Eastern Washington found another way to use – or not use – its quarterbacks on Saturday in its 48-13 victory over Cal Poly.
Redshirt sophomore Kekoa Visperas made his eighth start of the season, and as the Eagles leaned on running backs Tuna Altahir and Justice Jackson on a rainy day at Roos Field in Cheney, Visperas attempted a season-low 25 passes.
But unlike previous weeks, Visperas was rarely subbed out for juniors Michael Wortham and Jared Taylor – the former due to injury and the latter with an eye toward a potential redshirt this season.
After his third carry of the game, Wortham left the game in the first half with an apparent ankle injury. He remained on the sidelines but did not re-enter the game, which by halftime the Eagles led 45-9.
But Taylor, who has rushed 43 times for 215 yards and three touchdowns in three games this season, never entered the game and spent most of it in full jersey under a coat.
EWU head coach Aaron Best explained that the decision to not use Taylor was made to protect the possibility of the junior redshirting this season, which, so long as he plays in just one more game, would be allowed under NCAA rules.
“We want to protect our guys as much as we can, so the ability to have him play in four (games), because he does have a redshirt did play out, was a factor in the decision as to what we do with multiple games left,” Best said.
Taylor made his debut against Idaho on Sept. 30 but did not play in the following game at Idaho State on Oct. 14. He ran for 79 yards in a win over Weber State on Oct. 21 and 15 yards in the loss last week at Portland State.
Wortham has played in all nine games this season – the Eagles (4-5, 3-3 Big Sky) have two more to play – and has rushed 36 times for 255 yards and five touchdowns. He has also completed 4 of 7 passes and is the team’s primary kickoff returner.
The Eagles have other players with redshirts still available, notably true freshmen Tylin Jackson, a defensive end who played in his second game of the season on Saturday; linebacker Samurai Anderson, who played in his third; and starting safety Derek Ganter Jr., who also played his third game of the season and made five tackles.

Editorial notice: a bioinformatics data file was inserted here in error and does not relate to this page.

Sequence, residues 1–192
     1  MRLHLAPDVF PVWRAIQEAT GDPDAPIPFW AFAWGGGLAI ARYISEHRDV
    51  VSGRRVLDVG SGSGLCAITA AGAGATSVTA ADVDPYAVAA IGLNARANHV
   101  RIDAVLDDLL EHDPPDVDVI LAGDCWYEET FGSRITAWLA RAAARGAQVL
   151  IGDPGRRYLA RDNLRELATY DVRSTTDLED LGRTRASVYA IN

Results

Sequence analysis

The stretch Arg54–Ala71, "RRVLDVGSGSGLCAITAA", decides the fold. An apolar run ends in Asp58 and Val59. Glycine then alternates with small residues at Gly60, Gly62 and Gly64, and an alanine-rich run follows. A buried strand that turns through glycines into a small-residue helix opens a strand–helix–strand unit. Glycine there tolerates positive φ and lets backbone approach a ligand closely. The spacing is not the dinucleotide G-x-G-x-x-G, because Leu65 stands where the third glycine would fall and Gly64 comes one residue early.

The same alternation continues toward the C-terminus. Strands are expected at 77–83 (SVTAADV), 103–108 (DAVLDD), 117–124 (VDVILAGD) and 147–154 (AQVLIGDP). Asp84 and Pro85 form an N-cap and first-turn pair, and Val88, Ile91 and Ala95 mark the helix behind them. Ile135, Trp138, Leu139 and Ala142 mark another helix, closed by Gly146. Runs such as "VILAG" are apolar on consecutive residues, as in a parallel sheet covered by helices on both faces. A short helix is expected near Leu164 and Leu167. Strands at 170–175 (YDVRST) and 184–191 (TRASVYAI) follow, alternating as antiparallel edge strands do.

Two other true freshmen, defensive end Jaden Radke and defensive tackle Jirah Leaupepetele, have played more than the four games allowed, which was something coaches determined early in the season, Best said.
But other players who are not yet to four might be managed differently in the final two games, he said.
“We’re smart with that, because we don’t want to get to five (games) with four games and one play and that triggers a year of eligibility,” Best said. “Those are things we’ll look at, talk about. But Derek Ganter is not playing like a freshman, that’s for sure. … He’s playing like a vet, and that’s good for the team. When young guys step up, that’s competition.”
Other freshmen get first reps
All but one of Eastern Washington’s games before Saturday were decided by 12 or fewer points, so the 35-point victory over Cal Poly allowed some of the Eagles’ younger players to get their first taste of playing in a college football game.
True freshman quarterback Nate Bell led the Eagles’ final two series. He handed off five times and was sacked on his one drop back.
But nine other true or redshirt freshmen played either for the first time or their most significant minutes of the season as the Eagles salted away the clock in the fourth quarter, comfortably ahead.
Running backs Talon Betts and Nick Adimora took their first college carries. Cornerback Jonathan Landry recorded his first tackle. Marcellus Honeycutt Jr. lined up as a returner on a kickoff for the first time after Wortham left the game.
“I remember I was scared to death in my first snaps,” said junior left tackle Wyatt Hansen, who made his team-leading 38th career start. “So being able to get that in a nonpressure situation is important. In practice, you get the speed, but the game’s just different. You can’t replicate that in practice.”
For the first time this year, the Eagles surrendered not just one safety but three.
The first two occurred when redshirt freshman long-snapper Tyson Jacobson snapped the ball over punter Nick Kokich’s head and through the back of the end zone. The first made the score 14-2; the second made it 48-11.
Three other times he snapped the ball perfectly to Kokich, including the third time when Kokich caught the snap in the end zone, held the ball, ran around a bit and intentionally took the safety.
That play, which occurred with 3:32 left in the fourth quarter as the rain continued to fall, was by design, Best said, as he did not want to give his defense a short field to work with.
In the end, Cal Poly got six of its points on safeties, six on a passing touchdown and one more on an extra point.